In a presentation at the AALAS meeting, J. Hau from the University of Copenhagen described an interesting work in progress, the replacement of the rabbit with a free-range, free-will chicken as the traditional polyclonal antibody animal model. (Polyclonal antibodies are antibodies from multiple B cells, which are fundamental components of the body’s immune system. The antibodies are obtained from the serum of an immunized animal and used extensively in medical research.) In current experiments, the chickens are immunized via injection or gavage and the antibody is made in the yetto- be-laid egg. Once the egg is laid, the antibody is collected from the yolk. Ten times more antibody can be obtained from the yolk than from traditional rabbit serum. If the antigen can be administered orally (it is under development as a spaghetti-like food to mimic worms, which the chickens voluntarily consume), no restraint, injections or other stressful procedures would be needed to generate high quality polyclonal antibodies.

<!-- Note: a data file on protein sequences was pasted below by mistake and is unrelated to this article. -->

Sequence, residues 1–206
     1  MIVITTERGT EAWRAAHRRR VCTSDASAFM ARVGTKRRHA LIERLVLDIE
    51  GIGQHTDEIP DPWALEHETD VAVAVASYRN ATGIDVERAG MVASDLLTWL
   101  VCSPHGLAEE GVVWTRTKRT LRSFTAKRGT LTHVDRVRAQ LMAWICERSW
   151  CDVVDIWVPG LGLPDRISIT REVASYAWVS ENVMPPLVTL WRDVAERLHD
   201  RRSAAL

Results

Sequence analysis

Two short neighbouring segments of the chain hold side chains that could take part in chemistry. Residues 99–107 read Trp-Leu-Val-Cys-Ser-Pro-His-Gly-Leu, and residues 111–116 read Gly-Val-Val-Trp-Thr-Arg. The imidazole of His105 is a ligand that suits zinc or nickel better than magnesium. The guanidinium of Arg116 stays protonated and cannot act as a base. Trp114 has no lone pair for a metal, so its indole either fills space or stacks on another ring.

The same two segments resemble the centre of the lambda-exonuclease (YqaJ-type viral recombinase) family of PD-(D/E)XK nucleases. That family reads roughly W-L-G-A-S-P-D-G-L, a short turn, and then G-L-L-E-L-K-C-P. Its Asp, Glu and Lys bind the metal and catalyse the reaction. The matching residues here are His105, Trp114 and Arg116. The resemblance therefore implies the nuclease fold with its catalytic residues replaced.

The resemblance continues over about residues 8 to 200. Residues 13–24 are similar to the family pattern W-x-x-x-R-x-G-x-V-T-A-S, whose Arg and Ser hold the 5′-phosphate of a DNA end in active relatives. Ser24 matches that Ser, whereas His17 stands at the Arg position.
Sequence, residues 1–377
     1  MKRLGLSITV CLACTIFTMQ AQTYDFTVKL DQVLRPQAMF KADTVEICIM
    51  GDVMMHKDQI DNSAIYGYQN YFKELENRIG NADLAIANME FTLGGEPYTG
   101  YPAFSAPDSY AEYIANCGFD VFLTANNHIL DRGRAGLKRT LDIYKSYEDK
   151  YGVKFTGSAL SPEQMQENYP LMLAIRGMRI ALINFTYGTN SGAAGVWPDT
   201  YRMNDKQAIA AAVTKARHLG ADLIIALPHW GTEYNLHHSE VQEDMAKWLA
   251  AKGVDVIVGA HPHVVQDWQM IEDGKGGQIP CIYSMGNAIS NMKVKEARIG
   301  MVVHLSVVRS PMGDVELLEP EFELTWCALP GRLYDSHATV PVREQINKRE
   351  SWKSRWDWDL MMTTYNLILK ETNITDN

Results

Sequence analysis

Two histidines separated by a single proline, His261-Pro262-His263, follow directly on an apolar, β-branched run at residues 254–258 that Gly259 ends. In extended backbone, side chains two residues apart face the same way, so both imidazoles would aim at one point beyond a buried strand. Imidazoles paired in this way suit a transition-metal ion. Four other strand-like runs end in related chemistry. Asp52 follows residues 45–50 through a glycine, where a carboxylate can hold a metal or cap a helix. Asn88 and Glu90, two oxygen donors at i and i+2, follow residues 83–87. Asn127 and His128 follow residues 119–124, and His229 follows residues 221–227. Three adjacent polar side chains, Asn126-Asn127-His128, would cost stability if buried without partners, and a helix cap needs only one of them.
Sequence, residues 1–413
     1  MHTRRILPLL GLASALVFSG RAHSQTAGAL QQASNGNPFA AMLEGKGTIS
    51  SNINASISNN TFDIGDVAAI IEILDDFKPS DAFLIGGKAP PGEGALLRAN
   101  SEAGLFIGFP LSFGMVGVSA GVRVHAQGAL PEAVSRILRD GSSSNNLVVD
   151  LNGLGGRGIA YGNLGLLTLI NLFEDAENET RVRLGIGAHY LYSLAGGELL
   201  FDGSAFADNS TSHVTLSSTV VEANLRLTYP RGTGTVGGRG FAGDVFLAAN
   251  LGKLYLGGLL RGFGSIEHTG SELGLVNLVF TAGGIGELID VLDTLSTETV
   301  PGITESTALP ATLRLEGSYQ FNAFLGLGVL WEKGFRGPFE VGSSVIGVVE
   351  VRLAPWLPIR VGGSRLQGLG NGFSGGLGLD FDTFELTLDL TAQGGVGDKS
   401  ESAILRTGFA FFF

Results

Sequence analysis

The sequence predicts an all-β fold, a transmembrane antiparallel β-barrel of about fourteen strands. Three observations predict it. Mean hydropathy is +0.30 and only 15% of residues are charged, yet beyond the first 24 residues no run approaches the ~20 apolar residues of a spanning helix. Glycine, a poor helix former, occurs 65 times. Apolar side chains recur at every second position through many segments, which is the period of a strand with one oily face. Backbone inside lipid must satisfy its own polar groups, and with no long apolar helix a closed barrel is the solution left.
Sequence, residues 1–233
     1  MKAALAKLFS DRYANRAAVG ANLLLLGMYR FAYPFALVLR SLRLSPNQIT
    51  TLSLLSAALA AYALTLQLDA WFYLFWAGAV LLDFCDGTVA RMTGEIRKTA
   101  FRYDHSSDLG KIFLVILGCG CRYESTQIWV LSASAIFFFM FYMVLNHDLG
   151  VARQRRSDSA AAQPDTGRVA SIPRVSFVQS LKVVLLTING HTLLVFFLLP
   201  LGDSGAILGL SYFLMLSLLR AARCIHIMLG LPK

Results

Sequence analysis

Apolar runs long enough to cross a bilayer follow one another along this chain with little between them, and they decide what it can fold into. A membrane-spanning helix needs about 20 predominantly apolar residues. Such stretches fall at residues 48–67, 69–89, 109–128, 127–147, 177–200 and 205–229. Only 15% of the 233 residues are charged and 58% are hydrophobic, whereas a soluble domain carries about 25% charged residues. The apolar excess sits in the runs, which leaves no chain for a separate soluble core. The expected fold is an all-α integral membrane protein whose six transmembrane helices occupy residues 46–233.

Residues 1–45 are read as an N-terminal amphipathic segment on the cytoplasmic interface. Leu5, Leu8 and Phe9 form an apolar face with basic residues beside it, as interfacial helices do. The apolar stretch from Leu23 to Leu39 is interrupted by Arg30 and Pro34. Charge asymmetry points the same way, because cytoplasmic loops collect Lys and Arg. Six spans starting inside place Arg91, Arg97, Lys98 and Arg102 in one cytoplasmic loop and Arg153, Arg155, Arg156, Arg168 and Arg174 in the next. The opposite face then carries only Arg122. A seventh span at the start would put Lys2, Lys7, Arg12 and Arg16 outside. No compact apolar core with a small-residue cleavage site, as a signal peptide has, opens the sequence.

AWI Quarterly Issue